The talk is part of the Airbnb Tech Talk series and the slides for the talk are also available. There’s some really well-designed slides in the talk so it’s well worth taking a look.
Kafka, Neo4j PHP OGM, Twitter API and More
- It wasn’t strictly published this week but Michael Moore’s excellent blog post in which he shows how to stream data into Neo4j from Kafka made a reappearance. There’s lots of Python awesomeness to be found in this post and all the code is available as a GitHub gist
- Christophe Willemsen released 1.0.0-RC1 of neo4j-php-ogm – a Neo4j Object Graph Mapper for PHP.
- Seguy Damien released v0.10.3 of exacat, a tool for doing code analysis of PHP projects. Six new analyzers were introduced in this release including one that finds properties only used once and one that finds uses of the same alias to refer to different namespaces.
- Michael Hunger and I showed how to create a Twitter graph of the ‘My name is…I work’ meme, that criticized the practice of hard coding tasks during interviews. The post mostly focuses on loading JSON into Neo4j from the Twitter API using APOC, with not a programming language in sight.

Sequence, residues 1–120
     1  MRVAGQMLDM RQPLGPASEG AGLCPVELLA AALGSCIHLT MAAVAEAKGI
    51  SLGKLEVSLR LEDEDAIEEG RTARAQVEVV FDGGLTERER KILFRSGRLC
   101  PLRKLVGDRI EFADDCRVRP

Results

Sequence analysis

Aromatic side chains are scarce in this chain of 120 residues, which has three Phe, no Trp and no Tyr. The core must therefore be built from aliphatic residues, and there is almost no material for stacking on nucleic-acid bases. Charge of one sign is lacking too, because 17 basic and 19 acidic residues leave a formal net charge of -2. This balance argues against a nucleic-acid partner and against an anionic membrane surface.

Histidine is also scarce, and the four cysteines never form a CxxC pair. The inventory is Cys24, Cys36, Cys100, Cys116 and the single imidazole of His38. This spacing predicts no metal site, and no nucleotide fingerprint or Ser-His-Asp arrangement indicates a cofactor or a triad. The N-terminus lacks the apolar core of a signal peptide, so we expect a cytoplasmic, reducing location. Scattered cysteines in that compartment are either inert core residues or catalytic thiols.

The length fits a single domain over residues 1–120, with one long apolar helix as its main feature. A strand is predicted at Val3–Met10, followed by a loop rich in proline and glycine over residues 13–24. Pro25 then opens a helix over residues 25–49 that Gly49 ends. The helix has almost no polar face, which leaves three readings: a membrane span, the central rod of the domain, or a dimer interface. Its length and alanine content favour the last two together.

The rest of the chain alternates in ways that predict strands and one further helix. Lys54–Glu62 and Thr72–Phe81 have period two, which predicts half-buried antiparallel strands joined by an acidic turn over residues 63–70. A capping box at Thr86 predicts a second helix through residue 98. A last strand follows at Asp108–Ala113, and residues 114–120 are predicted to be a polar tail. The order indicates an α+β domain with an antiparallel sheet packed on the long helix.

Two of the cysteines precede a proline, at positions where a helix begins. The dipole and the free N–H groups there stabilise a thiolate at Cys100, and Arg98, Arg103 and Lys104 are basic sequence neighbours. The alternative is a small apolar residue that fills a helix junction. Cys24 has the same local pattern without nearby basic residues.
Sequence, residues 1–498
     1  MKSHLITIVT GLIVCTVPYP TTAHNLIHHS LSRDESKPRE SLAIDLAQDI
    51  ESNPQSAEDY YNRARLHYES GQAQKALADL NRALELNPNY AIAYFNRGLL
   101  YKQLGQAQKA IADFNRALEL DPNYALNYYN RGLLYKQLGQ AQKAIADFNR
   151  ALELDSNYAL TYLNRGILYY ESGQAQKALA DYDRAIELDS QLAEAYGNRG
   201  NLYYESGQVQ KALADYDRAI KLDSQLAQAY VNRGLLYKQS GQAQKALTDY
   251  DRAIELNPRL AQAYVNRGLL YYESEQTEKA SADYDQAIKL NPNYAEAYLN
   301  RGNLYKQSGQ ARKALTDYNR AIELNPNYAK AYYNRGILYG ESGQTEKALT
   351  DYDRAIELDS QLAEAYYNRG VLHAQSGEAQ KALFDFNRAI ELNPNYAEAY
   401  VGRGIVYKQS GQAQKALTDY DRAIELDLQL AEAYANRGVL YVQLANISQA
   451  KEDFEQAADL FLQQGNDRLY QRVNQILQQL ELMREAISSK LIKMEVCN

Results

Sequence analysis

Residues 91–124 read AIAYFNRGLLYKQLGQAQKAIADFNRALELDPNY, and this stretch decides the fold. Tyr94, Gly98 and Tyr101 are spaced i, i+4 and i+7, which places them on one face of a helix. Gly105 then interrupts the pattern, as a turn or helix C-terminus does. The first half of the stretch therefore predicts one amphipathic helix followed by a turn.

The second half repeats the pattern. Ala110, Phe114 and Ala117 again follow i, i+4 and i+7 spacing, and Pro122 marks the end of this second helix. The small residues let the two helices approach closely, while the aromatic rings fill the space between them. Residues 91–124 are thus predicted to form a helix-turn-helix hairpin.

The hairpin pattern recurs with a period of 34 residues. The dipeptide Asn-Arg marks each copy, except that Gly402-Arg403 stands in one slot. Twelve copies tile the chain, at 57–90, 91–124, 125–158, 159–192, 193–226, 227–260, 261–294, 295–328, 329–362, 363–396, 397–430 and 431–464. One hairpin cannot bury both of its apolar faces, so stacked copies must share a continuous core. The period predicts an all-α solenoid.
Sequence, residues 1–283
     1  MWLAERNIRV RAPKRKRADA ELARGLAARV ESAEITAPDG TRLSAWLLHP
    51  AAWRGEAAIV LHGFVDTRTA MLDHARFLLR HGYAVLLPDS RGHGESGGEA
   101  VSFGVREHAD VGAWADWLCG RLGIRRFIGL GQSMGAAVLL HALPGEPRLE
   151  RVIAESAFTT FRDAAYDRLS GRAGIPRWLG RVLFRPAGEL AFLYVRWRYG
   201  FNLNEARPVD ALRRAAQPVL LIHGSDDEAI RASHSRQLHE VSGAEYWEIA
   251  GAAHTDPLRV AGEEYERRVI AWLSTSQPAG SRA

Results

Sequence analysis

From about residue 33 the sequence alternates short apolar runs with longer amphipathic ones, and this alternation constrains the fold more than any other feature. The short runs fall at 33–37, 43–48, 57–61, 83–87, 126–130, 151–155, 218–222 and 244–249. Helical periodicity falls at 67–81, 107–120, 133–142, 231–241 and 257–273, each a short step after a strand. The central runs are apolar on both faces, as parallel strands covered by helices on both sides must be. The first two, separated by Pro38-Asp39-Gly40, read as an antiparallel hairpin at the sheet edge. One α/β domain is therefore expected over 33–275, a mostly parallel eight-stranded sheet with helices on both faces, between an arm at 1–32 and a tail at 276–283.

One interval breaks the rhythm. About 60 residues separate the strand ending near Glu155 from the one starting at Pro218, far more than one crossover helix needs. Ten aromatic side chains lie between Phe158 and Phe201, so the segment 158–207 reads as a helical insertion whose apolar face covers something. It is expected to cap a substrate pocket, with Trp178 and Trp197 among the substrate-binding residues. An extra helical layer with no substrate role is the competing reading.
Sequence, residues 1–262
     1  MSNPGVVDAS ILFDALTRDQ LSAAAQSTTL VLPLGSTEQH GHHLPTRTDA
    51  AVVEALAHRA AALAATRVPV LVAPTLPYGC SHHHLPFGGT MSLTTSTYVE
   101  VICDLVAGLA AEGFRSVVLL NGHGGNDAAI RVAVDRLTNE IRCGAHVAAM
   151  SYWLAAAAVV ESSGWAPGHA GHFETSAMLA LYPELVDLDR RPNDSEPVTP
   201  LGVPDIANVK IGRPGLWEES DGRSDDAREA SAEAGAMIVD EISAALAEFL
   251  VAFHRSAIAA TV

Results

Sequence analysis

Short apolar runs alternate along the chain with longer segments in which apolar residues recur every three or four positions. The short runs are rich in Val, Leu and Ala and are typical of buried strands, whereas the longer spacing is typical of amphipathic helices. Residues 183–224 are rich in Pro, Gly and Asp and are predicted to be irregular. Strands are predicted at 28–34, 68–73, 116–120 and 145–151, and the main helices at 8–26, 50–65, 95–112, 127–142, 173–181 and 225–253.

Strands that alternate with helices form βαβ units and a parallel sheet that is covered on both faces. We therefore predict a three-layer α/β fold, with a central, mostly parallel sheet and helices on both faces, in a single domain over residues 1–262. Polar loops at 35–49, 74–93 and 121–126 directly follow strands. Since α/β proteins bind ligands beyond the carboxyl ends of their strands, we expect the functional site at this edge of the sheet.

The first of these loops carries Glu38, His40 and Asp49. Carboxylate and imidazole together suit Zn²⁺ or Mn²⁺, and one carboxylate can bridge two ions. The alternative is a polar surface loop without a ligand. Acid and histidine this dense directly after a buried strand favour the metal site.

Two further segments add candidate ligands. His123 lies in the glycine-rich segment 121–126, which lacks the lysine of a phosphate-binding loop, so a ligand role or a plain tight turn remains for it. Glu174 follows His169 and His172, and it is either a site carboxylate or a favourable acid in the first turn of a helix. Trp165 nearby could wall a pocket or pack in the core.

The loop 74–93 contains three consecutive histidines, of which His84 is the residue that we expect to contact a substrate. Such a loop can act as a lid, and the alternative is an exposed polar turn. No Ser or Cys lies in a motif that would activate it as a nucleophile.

- Michael also wrote a blog post containing his top tips for updating graphs efficiently. My favourite Cypher clause – UNWIND – features extensively.
- Last week, we featured Brian Roy’s explorations with the AWS Rekognition API. This week he’s gone even further and deployed his application on a Raspberry Pi to check how well his person-detection model works. Neo4j is then used to analyse the results.
- Fred Trotter of Hacking Healthcare and DocGraph fame published NoSQL and Technical debt in which he laments the loss of discipline around data that NoSQL encourages. He then concludes that relational and graph databases force you to think about your data structures upfront rather than just “throwing the data on the pile”.
Meetups on R, Ruby on Rails and more
There were lots of meetups and slide decks floating around the Twittersphere this week.
Samathy Barratt presenting at the Women in Tech, Nottingham group
- Starting with the most recent, on Thursday Samathy Barratt presented an Intro to Neo4j at the Women in Tech, Nottingham group.